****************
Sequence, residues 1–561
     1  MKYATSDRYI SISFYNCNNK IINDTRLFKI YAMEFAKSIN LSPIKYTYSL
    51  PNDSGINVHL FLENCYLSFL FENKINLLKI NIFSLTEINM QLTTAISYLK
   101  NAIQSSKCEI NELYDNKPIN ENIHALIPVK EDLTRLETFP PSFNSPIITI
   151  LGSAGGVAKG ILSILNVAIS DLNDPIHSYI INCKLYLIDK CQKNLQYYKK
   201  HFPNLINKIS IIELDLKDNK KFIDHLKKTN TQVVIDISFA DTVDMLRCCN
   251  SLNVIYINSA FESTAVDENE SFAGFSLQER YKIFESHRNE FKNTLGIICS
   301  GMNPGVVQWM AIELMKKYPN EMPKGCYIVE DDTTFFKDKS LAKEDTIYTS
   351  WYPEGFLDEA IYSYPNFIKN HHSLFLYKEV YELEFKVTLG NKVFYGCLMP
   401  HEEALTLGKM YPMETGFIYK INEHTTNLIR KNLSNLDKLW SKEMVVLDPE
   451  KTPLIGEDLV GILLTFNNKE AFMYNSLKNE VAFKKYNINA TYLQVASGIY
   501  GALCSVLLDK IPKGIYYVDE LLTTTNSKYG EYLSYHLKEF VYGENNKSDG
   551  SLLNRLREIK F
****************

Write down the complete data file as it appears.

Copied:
Sequence, residues 1–561
     1  MKYATSDRYI SISFYNCNNK IINDTRLFKI YAMEFAKSIN LSPIKYTYSL
    51  PNDSGINVHL FLENCYLSFL FENKINLLKI NIFSLTEINM QLTTAISYLK
   101  NAIQSSKCEI NELYDNKPIN ENIHALIPVK EDLTRLETFP PSFNSPIITI
   151  LGSAGGVAKG ILSILNVAIS DLNDPIHSYI INCKLYLIDK CQKNLQYYKK
   201  HFPNLINKIS IIELDLKDNK KFIDHLKKTN TQVVIDISFA DTVDMLRCCN
   251  SLNVIYINSA FESTAVDENE SFAGFSLQER YKIFESHRNE FKNTLGIICS
   301  GMNPGVVQWM AIELMKKYPN EMPKGCYIVE DDTTFFKDKS LAKEDTIYTS
   351  WYPEGFLDEA IYSYPNFIKN HHSLFLYKEV YELEFKVTLG NKVFYGCLMP
   401  HEEALTLGKM YPMETGFIYK INEHTTNLIR KNLSNLDKLW SKEMVVLDPE
   451  KTPLIGEDLV GILLTFNNKE AFMYNSLKNE VAFKKYNINA TYLQVASGIY
   501  GALCSVLLDK IPKGIYYVDE LLTTTNSKYG EYLSYHLKEF VYGENNKSDG
   551  SLLNRLREIK F